Working in the Vijay Ramani lab at the McKelvey School of Engineering at Washington University in St. Louis, a team of researchers have found an excellent bifunctional catalyst for the oxygen electrode for regenerative fuel cells.
A single device that both generates fuel and oxidant from water and, when a switch is flipped, converts the fuel and oxygen into electricity and water, has a host of benefits for terrestrial, space and military applications. From low environmental impact to high energy density, developing efficient unitized regenerative fuel cells, or URFCs as they are called, has been in researchers’ sights for years now.
But to truly be efficient, an URFC needs bifunctional catalysts. This means, in electrolyzer mode, catalysts should facilitate the breakdown of water into hydrogen and oxygen, and, in fuel cell mode, facilitate their recombination into water.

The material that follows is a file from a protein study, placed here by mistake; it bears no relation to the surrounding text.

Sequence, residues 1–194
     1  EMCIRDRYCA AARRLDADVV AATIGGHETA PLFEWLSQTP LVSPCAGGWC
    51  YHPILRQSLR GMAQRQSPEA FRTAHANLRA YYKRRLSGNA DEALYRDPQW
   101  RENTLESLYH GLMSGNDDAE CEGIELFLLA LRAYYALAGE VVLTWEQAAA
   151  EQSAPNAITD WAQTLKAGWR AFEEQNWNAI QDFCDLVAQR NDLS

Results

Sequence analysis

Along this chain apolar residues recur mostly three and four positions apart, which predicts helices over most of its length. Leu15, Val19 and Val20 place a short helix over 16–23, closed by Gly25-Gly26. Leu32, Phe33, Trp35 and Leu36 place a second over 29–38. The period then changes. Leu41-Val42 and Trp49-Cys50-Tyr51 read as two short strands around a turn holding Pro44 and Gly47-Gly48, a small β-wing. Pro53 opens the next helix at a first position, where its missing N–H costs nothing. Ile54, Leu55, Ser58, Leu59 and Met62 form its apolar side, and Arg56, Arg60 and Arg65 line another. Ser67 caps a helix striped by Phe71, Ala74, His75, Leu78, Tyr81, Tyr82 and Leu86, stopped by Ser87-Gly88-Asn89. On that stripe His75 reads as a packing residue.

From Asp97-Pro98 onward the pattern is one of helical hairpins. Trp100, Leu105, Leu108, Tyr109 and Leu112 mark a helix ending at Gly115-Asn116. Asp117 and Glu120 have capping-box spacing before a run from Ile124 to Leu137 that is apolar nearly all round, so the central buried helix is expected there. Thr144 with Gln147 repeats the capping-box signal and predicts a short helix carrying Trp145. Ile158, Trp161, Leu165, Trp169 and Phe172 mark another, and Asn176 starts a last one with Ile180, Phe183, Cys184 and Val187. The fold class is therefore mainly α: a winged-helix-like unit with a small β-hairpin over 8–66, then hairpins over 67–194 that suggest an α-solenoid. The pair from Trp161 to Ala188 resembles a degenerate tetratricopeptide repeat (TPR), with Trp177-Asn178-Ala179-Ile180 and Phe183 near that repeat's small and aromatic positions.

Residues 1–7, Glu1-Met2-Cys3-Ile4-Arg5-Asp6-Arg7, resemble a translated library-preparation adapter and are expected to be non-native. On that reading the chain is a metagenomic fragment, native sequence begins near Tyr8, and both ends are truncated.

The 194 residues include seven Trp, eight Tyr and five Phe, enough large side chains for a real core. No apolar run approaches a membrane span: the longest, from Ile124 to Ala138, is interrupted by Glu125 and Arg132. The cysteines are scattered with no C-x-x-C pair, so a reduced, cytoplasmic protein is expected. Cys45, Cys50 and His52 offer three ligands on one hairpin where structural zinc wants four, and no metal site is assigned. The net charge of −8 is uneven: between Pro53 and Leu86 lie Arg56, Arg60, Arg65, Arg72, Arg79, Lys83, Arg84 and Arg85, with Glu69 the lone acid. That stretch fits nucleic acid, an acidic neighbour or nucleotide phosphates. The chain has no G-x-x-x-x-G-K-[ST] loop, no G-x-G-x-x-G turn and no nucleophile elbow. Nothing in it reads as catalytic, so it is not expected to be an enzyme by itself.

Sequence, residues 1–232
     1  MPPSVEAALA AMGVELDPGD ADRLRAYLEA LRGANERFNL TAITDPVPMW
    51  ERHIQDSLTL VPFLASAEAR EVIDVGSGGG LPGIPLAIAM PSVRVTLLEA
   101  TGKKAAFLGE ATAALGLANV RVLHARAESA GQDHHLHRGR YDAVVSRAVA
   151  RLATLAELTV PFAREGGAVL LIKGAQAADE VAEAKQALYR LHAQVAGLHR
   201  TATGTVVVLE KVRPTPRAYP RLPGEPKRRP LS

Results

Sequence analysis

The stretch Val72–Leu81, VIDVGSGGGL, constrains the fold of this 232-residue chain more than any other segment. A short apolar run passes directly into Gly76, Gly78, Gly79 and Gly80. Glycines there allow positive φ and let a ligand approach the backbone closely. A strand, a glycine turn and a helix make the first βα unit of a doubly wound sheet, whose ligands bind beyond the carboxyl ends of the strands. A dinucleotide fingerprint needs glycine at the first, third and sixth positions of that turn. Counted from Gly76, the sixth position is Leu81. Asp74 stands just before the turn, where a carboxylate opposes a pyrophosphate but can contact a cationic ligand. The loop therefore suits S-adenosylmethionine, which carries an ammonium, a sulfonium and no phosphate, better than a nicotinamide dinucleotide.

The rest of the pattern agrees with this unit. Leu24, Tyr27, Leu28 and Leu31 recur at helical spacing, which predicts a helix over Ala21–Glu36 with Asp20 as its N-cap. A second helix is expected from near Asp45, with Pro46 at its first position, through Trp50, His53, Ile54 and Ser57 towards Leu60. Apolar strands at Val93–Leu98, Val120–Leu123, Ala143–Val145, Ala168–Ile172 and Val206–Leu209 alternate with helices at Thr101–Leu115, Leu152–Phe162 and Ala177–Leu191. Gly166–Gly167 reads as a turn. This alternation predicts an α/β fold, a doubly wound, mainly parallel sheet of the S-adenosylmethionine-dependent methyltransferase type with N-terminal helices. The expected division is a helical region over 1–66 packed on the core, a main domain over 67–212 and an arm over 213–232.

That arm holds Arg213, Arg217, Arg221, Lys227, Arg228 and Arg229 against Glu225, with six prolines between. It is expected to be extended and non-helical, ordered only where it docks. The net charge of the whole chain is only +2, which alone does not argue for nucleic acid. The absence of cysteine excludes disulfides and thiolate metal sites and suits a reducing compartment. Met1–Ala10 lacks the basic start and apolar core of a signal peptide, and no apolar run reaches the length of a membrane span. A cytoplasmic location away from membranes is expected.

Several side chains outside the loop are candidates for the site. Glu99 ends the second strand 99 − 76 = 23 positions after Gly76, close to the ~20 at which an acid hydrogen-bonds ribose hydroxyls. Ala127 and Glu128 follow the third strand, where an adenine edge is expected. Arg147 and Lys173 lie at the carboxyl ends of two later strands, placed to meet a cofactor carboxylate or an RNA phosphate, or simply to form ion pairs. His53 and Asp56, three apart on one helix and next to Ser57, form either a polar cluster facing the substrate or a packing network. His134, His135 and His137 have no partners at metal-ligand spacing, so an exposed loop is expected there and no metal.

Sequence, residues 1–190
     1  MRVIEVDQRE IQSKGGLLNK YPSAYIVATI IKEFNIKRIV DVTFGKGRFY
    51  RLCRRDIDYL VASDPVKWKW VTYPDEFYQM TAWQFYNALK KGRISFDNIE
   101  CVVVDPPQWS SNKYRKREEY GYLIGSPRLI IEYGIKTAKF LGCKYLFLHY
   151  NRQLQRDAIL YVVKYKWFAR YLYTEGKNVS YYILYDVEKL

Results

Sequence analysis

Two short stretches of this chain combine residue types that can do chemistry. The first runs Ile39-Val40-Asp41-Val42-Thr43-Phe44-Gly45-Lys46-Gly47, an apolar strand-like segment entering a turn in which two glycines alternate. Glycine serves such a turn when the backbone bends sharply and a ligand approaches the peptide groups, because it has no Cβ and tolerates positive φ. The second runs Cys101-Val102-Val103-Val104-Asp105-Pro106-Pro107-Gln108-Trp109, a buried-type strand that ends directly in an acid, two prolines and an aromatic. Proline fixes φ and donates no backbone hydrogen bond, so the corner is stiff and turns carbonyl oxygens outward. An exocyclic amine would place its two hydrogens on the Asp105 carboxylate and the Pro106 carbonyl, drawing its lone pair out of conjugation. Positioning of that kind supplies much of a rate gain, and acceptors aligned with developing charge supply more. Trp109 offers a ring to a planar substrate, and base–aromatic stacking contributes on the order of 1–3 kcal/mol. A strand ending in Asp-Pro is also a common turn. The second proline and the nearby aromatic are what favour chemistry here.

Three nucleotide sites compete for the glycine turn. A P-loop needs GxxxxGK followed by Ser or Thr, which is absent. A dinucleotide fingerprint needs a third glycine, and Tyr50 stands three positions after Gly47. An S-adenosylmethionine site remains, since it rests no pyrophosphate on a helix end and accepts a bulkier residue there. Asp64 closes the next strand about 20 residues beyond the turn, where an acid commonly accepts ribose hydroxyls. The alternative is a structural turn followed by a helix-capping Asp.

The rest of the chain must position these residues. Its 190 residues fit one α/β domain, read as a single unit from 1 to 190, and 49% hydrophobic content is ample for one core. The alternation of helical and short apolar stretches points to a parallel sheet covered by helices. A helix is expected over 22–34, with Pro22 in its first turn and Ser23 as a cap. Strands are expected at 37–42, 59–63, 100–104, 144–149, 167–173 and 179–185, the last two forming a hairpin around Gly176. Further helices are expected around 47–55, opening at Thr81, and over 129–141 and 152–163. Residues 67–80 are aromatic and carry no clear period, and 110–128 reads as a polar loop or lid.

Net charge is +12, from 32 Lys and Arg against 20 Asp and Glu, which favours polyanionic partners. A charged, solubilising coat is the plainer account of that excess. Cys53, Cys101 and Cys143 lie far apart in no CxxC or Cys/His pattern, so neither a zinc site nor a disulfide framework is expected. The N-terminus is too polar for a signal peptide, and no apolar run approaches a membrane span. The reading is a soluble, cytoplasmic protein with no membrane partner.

The team of researchers found that a composite of platinum and a lead ruthenate pyrochlore made an excellent bifunctional catalyst for the oxygen electrode.
“Unlike the hydrogen electrode, wherein platinum is an effective bifunctional catalyst, it is very challenging to identify a suitable catalyst for the oxygen electrode due to the sluggish kinetics of oxygen reduction and oxygen evolution,” said Pralay Gayen, currently working at Intel, who was a postdoctoral research associate in Vijay Ramani’s lab at the McKelvey School of Engineering at Washington University in St. Louis and served as the paper’s first author.